Queering the Craft: Interview with Hudson Lin
I'm very excited to be featuring Hudson Lin today! Lin's work has really stood out to me this year, and she has two releases this summer: First in June was Inside Darkness, which I reviewed on RT Book Reviews (RIP), and this month is Three Months to Forever.
She generously stopped by to discuss writing, publishing, and race in fiction. Let's begin!
Hannah: Thanks so much for agreeing to be interviewed on Queerly Reads! 2018 seems to be your breakout year, with an anthology contribution in Teacher’s Pet and two novels. What was your journey leading up to so many back-to-back releases?
Lin: As with many authors, my hard drive is full of half-finished stories collected over many years of dabbling in writing. It wasn’t until 2015, when I was working abroad with few friends around, that I managed to get something finished. I posted it online and, to my surprise, I got really positive feedback and suggestions that I should become a published writer. It had always been a dream of mine to be an author, but I never thought that was in the realm of possibility, so I had a good laugh and brushed aside the comments. About a year later, I wrote another story and posted it online to more positive feedback and more suggestions that I should try publishing. So at the beginning of 2017, I made a New Year’s resolution to do just that, try to become a published author. I spent most of that year writing the stories that are now being released. I still don’t quite believe that anyone would want to publish my writing, let alone buy my books!
H: I love the sheer number of countries your stories take place in or mention, spanning three continents. What are some of your favorite books that don’t take place in the U.S. or England?
L: Ah! This is such a good question! I had to go back through my Goodreads list to jog my memory, but unfortunately, it seems like my memory was correct: I’ve only read a handful of books set outside the US or the UK.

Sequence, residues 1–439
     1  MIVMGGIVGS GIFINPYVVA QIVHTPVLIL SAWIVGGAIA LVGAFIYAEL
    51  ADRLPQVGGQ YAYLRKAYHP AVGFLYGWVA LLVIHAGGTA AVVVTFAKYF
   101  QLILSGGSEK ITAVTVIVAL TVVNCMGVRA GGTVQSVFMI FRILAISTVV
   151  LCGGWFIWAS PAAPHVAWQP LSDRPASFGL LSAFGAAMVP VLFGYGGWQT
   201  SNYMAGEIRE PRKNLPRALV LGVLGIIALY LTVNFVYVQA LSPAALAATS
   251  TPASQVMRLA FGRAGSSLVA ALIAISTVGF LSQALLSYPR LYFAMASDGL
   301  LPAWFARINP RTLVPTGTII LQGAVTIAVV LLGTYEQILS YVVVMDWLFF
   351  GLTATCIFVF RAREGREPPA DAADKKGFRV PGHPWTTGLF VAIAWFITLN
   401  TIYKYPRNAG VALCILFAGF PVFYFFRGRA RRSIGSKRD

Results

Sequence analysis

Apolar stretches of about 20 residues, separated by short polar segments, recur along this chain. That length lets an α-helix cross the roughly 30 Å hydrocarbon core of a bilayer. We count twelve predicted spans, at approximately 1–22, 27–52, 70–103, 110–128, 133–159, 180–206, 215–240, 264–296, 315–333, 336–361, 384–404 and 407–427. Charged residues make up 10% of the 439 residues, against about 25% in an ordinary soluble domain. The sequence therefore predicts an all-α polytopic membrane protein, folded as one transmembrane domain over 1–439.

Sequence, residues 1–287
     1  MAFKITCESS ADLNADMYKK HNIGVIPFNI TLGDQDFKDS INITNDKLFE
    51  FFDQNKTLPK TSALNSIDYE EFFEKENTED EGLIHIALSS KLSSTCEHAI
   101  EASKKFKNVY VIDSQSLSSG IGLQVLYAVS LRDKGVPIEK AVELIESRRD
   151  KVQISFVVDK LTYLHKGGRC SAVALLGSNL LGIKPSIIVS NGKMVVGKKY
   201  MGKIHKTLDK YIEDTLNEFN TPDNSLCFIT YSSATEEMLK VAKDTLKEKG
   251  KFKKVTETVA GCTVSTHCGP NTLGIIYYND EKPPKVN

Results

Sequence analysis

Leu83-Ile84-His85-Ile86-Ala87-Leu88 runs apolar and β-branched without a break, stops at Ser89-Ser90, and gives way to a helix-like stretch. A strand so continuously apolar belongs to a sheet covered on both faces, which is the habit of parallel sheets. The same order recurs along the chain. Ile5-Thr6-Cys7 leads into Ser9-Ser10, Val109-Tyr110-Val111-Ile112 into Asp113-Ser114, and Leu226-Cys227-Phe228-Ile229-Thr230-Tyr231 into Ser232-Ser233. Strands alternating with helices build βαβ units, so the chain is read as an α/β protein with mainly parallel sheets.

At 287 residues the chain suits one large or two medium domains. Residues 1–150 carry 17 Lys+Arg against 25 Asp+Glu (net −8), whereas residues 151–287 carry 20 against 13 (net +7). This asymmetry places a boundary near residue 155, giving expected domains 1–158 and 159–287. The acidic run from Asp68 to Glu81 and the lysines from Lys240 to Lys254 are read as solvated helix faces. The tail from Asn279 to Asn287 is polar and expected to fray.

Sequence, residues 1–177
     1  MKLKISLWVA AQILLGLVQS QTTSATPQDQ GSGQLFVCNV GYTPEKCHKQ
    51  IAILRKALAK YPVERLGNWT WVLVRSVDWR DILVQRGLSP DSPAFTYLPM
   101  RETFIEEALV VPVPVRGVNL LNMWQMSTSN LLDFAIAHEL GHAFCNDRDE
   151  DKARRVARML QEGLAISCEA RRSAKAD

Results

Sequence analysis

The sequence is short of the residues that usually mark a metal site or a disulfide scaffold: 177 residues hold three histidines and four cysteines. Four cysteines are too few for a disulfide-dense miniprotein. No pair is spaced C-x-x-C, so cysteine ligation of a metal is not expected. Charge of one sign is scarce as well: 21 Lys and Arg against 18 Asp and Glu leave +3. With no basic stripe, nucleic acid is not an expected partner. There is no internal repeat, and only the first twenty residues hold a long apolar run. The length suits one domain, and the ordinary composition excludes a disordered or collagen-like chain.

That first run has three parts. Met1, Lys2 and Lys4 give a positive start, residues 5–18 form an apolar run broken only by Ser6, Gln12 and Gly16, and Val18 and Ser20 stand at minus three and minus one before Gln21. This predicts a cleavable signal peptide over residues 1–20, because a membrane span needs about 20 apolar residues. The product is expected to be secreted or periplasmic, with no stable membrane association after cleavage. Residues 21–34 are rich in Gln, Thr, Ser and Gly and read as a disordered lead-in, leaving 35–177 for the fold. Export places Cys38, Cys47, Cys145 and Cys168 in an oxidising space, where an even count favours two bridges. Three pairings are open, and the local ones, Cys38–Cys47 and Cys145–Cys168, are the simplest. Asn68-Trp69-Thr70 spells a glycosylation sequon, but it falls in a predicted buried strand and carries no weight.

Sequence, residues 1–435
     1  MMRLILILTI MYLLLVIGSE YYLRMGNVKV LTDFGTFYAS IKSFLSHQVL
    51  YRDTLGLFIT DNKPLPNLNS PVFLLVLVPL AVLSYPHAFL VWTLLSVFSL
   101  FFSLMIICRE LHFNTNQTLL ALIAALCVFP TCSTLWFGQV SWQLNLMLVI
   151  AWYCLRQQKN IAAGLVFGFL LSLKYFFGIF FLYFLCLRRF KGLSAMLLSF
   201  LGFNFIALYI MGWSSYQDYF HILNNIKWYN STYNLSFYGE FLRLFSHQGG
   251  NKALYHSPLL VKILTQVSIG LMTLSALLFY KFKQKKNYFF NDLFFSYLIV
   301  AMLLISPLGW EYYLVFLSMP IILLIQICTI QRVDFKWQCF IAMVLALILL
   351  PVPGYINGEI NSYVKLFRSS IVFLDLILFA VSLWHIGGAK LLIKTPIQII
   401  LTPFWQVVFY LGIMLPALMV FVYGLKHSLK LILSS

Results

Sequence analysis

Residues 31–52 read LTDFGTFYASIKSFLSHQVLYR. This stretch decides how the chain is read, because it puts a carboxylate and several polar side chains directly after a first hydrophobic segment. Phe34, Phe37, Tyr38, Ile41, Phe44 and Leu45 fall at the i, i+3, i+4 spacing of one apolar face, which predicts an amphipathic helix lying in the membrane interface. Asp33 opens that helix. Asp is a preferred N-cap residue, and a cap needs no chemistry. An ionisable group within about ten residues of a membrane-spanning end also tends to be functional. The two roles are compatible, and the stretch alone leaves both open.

One of these is Want by Cindy Pon, a young adult novel set in Taipei, Taiwan with a racially diverse cast and queer characters. Sometime in the near future, the world is being crippled by pollution and the gap between the rich and the poor has widened dramatically. A group of young people hatch a plan to bring down an evil corporate empire that preys on the poor and the environment. I love this book because it shows people of color taking charge and kicking ass, the female characters are really strong leaders, and the queer content is woven into the story seamlessly.
One last thing, I think I like setting stories in different countries because I see so little of that in my reading. I love to travel and I love imagining stories playing out in the places I visit. Setting can be a character unto itself, bringing an extra dimension to the story, creating new and interesting conflicts. I wish there were romance novels set in other parts of the world!
H: What is one piece of advice you would give to writers starting out in their querying/submissions process?
L: I’m not sure I’m the best person to give advice, since I’m still starting out myself! But I will say this: as with any career, a lot of it has to do with luck. Hard work and talent are both important, but sometimes the stars align the right away and everything happens, and sometimes they don’t. There are so many factors that go into becoming a published author, and most of them are completely outside the control of the author themselves. So if things aren’t going the way you’d like them to, it isn’t necessarily that you’re doing something wrong, it could just be that the time isn’t right yet.
H: Your portrayal of PTSD rang really true for me with Inside Darkness. Do you have any specific writing methods for “digging deep” into the psychology of your characters?